This is the documentation for Cloudera Impala 1.4.x.
Documentation for other versions is available at Cloudera.com.

How Impala Works with Hadoop File Formats

Impala supports several familiar file formats used in Apache Hadoop. Impala can load and query data files produced by other Hadoop components such as Pig or MapReduce, and data files produced by Impala can be used by other components also. The following sections discuss the procedures, limitations, and performance considerations for using each file format with Impala.

The file format used for an Impala table has significant performance consequences. Some file formats include compression support that affects the size of data on the disk and, consequently, the amount of I/O and CPU resources required to deserialize data. The amounts of I/O and CPU resources required can be a limiting factor in query performance since querying often begins with moving and decompressing data. To reduce the potential impact of this part of the process, data is often compressed. By compressing data, a smaller total number of bytes are transferred from disk to memory. This reduces the amount of time taken to transfer the data, but a tradeoff occurs when the CPU decompresses the content.

Impala can query files encoded with most of the popular file formats and compression codecs used in Hadoop. Impala can create and insert data into tables that use some file formats but not others; for file formats that Impala cannot write to, create the table in Hive, issue the INVALIDATE METADATA statement in impala-shell, and query the table through Impala. File formats can be structured, in which case they may include metadata and built-in compression. Supported formats include:

Table 1. File Format Support in Impala
File Type Format Compression Codecs Impala Can CREATE? Impala Can INSERT?
Parquet Structured Snappy, GZIP; currently Snappy by default Yes. Yes: CREATE TABLE, INSERT, LOAD DATA, and query.
Text Unstructured LZO Yes. For CREATE TABLE with no STORED AS clause, the default file format is uncompressed text, with values separated by ASCII 0x01 characters (typically represented as Ctrl-A). Yes: CREATE TABLE, INSERT, LOAD DATA, and query. If LZO compression is used, you must create the table and load data in Hive.
Avro Structured Snappy, GZIP, deflate, BZIP2 Yes, in Impala 1.4.0 and higher. Before that, create the table using Hive. No. Load data through LOAD DATA on data files already in the right format, or use INSERT in Hive.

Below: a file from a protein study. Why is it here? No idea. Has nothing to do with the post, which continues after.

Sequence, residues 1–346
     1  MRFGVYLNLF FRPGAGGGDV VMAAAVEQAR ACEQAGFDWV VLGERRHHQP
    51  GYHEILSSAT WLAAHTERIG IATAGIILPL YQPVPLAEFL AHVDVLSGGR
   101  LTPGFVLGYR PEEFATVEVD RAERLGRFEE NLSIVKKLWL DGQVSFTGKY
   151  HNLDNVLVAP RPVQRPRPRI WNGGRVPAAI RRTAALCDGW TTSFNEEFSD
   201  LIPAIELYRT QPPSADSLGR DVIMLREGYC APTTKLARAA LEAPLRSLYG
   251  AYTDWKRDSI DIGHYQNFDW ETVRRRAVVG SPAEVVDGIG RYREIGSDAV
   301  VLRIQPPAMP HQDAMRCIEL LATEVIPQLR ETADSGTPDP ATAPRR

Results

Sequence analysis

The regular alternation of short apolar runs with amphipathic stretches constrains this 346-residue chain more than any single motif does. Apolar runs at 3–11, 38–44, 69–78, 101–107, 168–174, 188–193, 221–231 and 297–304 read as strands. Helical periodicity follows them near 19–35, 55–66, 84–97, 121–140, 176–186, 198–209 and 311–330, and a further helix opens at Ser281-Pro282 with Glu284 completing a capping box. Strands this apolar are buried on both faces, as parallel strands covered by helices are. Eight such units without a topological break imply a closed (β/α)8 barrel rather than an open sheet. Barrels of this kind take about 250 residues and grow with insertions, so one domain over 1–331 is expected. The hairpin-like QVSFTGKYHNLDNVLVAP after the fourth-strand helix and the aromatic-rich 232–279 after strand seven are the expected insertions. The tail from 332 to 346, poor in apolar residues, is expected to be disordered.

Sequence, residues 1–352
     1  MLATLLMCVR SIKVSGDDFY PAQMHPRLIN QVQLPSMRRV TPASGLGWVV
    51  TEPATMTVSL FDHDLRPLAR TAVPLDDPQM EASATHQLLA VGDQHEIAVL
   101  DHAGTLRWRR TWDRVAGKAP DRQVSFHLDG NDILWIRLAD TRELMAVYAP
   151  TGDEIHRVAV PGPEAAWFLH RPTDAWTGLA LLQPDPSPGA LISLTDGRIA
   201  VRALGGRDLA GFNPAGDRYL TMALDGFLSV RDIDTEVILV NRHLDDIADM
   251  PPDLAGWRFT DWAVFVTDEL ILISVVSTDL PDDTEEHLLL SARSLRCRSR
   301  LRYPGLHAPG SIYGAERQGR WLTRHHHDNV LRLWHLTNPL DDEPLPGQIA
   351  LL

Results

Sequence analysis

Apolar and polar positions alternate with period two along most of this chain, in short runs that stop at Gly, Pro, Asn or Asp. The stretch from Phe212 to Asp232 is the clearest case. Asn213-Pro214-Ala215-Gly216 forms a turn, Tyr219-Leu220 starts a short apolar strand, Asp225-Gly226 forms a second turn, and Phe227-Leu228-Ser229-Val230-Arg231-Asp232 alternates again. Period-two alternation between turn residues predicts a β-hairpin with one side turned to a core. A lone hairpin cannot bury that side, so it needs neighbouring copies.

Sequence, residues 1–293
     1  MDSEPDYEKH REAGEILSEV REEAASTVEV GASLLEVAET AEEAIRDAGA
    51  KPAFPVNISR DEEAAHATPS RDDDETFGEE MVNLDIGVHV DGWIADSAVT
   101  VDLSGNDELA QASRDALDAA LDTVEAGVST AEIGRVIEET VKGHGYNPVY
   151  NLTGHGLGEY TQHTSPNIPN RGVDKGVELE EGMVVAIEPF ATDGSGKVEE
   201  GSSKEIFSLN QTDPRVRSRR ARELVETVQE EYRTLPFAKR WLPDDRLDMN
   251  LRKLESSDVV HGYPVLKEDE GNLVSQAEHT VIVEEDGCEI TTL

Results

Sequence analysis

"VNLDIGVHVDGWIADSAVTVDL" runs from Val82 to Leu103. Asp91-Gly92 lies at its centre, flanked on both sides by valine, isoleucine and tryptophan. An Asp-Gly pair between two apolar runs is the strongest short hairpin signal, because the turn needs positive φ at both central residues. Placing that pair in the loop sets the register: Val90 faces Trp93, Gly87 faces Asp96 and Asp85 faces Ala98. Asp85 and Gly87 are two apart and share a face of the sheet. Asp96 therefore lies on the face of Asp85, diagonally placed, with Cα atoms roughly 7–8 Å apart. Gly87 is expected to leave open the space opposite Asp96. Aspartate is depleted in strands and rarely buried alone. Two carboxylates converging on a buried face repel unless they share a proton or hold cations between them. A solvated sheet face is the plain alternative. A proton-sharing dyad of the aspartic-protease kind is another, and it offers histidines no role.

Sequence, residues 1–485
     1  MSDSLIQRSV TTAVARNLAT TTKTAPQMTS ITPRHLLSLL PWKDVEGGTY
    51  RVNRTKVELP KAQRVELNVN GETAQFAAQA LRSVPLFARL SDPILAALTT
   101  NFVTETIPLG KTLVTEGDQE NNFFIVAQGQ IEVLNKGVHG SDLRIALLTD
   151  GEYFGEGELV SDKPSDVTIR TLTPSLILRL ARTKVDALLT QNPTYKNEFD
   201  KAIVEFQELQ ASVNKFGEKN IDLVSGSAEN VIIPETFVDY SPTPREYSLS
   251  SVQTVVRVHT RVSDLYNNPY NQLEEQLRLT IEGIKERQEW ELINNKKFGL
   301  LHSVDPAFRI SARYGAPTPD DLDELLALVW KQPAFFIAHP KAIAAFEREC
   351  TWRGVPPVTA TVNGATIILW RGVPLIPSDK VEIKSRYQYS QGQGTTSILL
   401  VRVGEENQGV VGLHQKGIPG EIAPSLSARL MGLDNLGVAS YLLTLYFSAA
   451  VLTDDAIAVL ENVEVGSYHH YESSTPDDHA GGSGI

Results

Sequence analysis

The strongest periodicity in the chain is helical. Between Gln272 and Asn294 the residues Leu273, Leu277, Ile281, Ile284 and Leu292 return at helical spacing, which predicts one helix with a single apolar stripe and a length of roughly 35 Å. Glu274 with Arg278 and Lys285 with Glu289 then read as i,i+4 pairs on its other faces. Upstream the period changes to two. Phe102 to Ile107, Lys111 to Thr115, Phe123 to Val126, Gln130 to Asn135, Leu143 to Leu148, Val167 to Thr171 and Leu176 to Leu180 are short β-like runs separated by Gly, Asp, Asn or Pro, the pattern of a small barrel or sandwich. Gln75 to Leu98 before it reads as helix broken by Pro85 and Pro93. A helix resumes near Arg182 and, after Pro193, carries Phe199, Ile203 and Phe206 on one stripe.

RCFile Structured Snappy, GZIP, deflate, BZIP2 Yes. No. Load data through LOAD DATA on data files already in the right format, or use INSERT in Hive.
SequenceFile Structured Snappy, GZIP, deflate, BZIP2 Yes. No. Load data through LOAD DATA on data files already in the right format, or use INSERT in Hive.

Impala supports the following compression codecs:

  • Snappy. Recommended for its effective balance between compression ratio and decompression speed. Snappy compression is very fast, but GZIP provides greater space savings. Not supported for text files.
  • GZIP. Recommended when achieving the highest level of compression (and therefore greatest disk-space savings) is desired. Not supported for text files.
  • Deflate. Not supported for text files.
  • BZIP2. Not supported for text files.
  • LZO, for Text files only. Impala can query LZO-compressed Text tables, but currently cannot create them or insert data into them; perform these operations in Hive.

Choosing the File Format for a Table

Different file formats and compression codecs work better for different data sets. While Impala typically provides performance gains regardless of file format, choosing the proper format for your data can yield further performance improvements. Use the following considerations to decide which combination of file format and compression to use for a particular table:

  • If you are working with existing files that are already in a supported file format, use the same format for the Impala table where practical. If the original format does not yield acceptable query performance or resource usage, consider creating a new Impala table with different file format or compression characteristics, and doing a one-time conversion by copying the data to the new table using the INSERT statement. Depending on the file format, you might run the INSERT statement in impala-shell or in Hive.
  • Text files are convenient to produce through many different tools, and are human-readable for ease of verification and debugging. Those characteristics are why text is the default format for an Impala CREATE TABLE statement. When performance and resource usage are the primary considerations, use one of the other file formats and consider using compression. A typical workflow might involve bringing data into an Impala table by copying CSV or TSV files into the appropriate data directory, and then using the INSERT ... SELECT syntax to copy the data into a table using a different, more compact file format.
  • If your architecture involves storing data to be queried in memory, do not compress the data. There is no I/O savings since the data does not need to be moved from disk, but there is a CPU cost to decompress the data.